Prediction: Wealth, War & the World Series

(Last Updated On: August 12, 2018)

Prediction derived from BenBois magic ball 200pxScience Fact:  Prediction promises us the big answers: Will the stock market hit 35,000?  Who will win the World Series?  Will the Russians invade Crimea?  (Oh, wait, that already happened.)

Prediction also offers us practical advice: You can’t tune into media without encountering a prediction.  That your wrinkles or depression or arthritis will be improved by a brand name product.  That your savings can be coaxed to grow into an idyllic retirement.  That passing, or failing to pass, some piece of legislation will create an unprecedented economic or human or moral disaster.

We rightfully receive these claims with skepticism, yet they are appealing because we long for certainty.  We really want to know what the future holds and how we can make it better.  And we want that so much that we are ready to believe folks who claim to know the answers.

Prediction involves the future and science doesn’t really know what the future holds.  Yet prediction can be studied and important lessons can be drawn.  Surprisingly, one of the things science tells us is how to tell in advance whose crystal ball is most accurate.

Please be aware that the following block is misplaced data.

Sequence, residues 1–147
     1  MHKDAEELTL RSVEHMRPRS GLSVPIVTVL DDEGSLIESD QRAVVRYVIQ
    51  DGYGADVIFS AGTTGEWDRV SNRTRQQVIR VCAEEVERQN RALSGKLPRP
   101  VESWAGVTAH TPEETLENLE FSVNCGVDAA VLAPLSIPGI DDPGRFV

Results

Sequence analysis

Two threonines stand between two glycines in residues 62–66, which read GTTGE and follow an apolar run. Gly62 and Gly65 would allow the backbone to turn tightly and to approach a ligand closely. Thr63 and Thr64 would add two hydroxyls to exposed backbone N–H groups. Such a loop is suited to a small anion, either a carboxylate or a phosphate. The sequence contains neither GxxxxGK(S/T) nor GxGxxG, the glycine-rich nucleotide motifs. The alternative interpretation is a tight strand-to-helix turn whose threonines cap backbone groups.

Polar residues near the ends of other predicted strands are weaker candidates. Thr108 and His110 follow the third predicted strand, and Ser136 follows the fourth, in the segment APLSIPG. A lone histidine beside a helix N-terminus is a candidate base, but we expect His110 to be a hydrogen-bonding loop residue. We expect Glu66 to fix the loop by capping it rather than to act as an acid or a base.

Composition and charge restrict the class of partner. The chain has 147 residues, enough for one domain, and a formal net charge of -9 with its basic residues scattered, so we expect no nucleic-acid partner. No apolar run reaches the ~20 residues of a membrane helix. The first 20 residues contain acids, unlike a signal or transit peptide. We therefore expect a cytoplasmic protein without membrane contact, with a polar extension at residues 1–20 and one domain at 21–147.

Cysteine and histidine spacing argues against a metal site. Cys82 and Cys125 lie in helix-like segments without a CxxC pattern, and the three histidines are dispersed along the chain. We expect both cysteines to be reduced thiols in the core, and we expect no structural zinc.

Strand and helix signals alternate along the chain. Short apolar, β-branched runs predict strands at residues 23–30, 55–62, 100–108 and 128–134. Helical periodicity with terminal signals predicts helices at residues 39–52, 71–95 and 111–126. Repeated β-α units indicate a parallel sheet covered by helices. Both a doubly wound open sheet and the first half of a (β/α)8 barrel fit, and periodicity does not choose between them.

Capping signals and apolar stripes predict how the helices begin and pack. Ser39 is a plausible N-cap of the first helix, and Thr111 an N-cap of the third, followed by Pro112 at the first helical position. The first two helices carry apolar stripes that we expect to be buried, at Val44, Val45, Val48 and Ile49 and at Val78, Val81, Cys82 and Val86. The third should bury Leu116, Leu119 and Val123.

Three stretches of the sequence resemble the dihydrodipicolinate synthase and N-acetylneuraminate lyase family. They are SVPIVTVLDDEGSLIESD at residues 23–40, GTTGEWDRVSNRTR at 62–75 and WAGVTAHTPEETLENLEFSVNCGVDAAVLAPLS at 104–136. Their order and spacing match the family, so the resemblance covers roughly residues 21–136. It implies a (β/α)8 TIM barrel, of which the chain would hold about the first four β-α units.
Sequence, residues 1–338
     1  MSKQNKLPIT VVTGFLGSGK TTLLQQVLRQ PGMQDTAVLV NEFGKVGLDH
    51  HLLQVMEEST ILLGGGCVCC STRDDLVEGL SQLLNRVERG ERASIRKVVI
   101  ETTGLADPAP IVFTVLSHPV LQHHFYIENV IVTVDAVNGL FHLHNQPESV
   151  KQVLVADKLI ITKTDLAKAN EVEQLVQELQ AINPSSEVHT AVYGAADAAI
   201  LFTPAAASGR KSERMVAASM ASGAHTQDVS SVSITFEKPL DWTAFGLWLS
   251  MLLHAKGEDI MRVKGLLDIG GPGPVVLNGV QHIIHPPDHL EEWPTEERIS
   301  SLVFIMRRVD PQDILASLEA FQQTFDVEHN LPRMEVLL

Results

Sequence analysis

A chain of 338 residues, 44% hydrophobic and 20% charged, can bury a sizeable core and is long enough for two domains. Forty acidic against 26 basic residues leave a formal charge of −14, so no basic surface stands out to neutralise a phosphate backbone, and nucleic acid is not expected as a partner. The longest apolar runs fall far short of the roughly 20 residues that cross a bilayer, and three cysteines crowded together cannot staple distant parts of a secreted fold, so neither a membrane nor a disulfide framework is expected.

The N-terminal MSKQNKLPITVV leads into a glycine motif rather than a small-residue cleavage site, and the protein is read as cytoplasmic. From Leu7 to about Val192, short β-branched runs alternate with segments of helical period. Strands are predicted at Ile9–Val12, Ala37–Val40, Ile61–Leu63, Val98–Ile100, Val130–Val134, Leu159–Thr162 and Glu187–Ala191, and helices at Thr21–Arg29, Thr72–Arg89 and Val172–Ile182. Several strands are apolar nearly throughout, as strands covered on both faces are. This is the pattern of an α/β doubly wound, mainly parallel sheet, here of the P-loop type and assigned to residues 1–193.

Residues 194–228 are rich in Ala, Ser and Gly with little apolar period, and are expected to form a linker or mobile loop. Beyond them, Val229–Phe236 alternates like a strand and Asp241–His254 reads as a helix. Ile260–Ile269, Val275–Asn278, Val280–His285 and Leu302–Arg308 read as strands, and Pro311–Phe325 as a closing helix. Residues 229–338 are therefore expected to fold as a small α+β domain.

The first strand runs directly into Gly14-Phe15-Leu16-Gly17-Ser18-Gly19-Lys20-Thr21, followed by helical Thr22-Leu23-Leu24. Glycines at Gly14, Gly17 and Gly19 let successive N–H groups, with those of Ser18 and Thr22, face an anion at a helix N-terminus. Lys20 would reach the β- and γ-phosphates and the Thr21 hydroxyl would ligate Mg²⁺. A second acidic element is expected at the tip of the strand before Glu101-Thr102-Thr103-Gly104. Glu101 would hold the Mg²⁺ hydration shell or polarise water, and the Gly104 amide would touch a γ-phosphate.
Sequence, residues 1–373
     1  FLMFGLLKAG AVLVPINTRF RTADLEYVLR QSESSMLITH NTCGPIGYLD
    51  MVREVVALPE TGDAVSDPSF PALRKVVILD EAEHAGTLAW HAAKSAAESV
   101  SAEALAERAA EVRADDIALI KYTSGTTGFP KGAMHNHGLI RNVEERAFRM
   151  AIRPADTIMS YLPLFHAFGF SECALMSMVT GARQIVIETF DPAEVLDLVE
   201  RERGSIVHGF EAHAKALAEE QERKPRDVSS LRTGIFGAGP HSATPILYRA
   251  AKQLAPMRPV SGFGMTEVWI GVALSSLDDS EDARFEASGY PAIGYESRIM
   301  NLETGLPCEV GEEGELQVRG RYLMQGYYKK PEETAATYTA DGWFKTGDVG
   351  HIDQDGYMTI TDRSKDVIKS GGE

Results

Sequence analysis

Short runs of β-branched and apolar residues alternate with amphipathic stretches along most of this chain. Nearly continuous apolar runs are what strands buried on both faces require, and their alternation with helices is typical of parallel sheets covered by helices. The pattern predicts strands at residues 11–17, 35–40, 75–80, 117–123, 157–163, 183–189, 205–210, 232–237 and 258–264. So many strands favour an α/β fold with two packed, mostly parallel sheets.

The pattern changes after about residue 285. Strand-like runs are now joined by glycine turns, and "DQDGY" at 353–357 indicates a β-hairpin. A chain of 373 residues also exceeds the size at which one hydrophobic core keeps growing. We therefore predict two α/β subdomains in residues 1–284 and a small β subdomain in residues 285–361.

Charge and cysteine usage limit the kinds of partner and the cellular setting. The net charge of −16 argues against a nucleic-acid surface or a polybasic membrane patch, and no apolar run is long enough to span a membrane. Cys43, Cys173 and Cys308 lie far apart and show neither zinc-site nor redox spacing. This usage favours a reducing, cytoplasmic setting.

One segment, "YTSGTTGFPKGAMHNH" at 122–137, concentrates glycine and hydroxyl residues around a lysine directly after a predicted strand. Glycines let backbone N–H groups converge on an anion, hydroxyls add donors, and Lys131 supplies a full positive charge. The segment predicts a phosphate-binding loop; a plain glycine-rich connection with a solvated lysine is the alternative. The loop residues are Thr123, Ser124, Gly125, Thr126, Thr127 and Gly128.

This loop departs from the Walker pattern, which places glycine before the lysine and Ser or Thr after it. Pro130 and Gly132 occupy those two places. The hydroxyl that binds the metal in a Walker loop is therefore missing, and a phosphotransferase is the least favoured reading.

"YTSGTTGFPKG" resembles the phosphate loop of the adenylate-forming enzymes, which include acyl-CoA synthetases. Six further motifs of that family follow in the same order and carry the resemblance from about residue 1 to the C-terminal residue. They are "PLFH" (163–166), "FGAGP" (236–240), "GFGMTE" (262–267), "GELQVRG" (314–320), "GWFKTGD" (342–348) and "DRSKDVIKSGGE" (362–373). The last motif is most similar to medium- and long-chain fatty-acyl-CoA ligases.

Sixty years ago a Russian-British philosopher, Isaiah Berlin, wrote an essay that defined two different styles of looking at the world.  He started by quoting the Greek poet Archilochus: “The fox knows many things, but the hedgehog knows one big thing.”  A straightforward interpretation of these words is that the fox is clever, yet all his slyness may be defeated if the hedgehog rolls himself into a spiny ball to avoid becoming dinner.

Instead of focusing on predator and prey, Berlin uses the animals to represent two ways of seeing things.   Some people see the world in terms of a single coherent vision, a system if you like, that guides their beliefs and their actions.  These are the “hedgehogs,” people who instinctively feel that there are fundamental principles that determine what happens in the world.  In the realm of politics, a hedgehog might have a passionate commitment to conservatism or progressivism.  In economics, he might believe in the overriding power of the free market or of government planning.  In social issues, a hedgehog might feel that religion or morality works as an irresistible force.

Conversely, there are the “foxes,” whose who “know many things.”  The foxes bring no preconceived world view to the table: they gladly take in data and ideas from every available direction, whether they sympathize with the source or not.  They have principles and beliefs, surely, but those are shaded, colored by circumstances and capable of being re-framed in various ways.  Foxes can even find acceptable ways to address forbidden topics such as the monetary value of human life.

Why do we need this additional way to sort out people whom we probably haven’t even met yet?  Because it tells us something about their ability when it comes to prediction.

Philip Tetlock, a psychology and management professor at the University of Pennsylvania, ran a twenty-year study to test how well experts can predict events in international affairs.  He collected forecasts made by 284 world experts, 28,000 in all, and kept track to see which ones came true.  The forecasts covered both large and small events occurring within or between countries, both long term and near term.